The A/D converter of digital multimeters requires very high precision (high resolution), e.g., 24 bits or more for a 7-digit display, so a double-integral type is generally used. Therefore, the time required for conversion is relatively long, and several measurements per second is the most that can be done. However, by reducing the number of displayed digits and shortening the conversion time of the A/D converter, it is possible to shorten the measurement time.
How to use the digital multimeters are as follows
In the digital multimeters, the system to be measured is connected between the two input terminals, Hi and Lo terminals. When measuring DC voltage, connect the Hi terminal to the high voltage side and the Lo terminal to the constant voltage side, and the voltage on the Hi terminal side will be displayed based on the potential on the Lo terminal side. When measuring DC current, if the current to be measured flows in from the Hi terminal and out from the Lo terminal, the current value is displayed as positive, and in the opposite direction, it is displayed as negative. In AC voltage, current, and resistance measurements, polarity need not be taken into consideration. 2.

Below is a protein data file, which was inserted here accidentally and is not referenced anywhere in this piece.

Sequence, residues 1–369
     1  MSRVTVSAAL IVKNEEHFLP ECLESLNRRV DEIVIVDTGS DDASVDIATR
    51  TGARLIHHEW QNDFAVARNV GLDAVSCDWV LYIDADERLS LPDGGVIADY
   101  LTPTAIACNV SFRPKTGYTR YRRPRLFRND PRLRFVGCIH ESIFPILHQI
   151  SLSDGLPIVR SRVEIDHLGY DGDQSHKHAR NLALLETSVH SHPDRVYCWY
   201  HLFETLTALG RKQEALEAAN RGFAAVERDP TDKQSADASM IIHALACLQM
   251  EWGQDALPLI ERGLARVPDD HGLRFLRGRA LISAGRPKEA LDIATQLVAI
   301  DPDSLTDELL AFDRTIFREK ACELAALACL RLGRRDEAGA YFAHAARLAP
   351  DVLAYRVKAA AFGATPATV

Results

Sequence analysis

For general use, the AutoRange function automatically switches to the optimum range for the voltage and current within the maximum input rating, so there is no need to search for the optimum range. However, if you need to reduce measurement time, such as when adjusting a production line, you will need to manually set the range based on the expected measurement value. 3.
Connecting digital multimeters may affect the system under measurement and cause fluctuations in measured values. For example, if digital multimeters are connected to a circuit with very high impedance, such as when measuring the output voltage of an optical sensor in a dark environment, its internal impedance may load the measurement system, resulting in a lower value than the original output voltage.
Similarly, when measuring the current of a circuit with small impedance, the minute resistance for voltage detection in the digital multimeters may cause a non-negligible error in the circuit under measurement. Therefore, the influence of the digital multimeters on the circuit under measurement should be considered before deciding whether or not to use the digital multimeters.
There are digital multimeters that can perform 4-terminal measurement for resistance measurement. As the term "4-terminal" implies, it consists of a pair of constant-current power supplies and a pair of voltmeters, and a constant-current power supply is connected to both ends of the resistor to be measured. The voltmeter is connected to the constant-current terminals of the resistor to be measured.
The voltmeter measures the voltage at both ends of the resistor by placing a probe inside the constant-current terminals, at a point on the resistor side. The resistance is calculated from this measured voltage and the constant current value. Since the contact resistance of the constant-current terminal does not affect the measured voltage and the contact resistance of the probe of the voltmeter is negligible compared to the internal resistance of the voltmeter of 10 MΩ, low resistance can be accurately measured.
*Including some distributors, etc.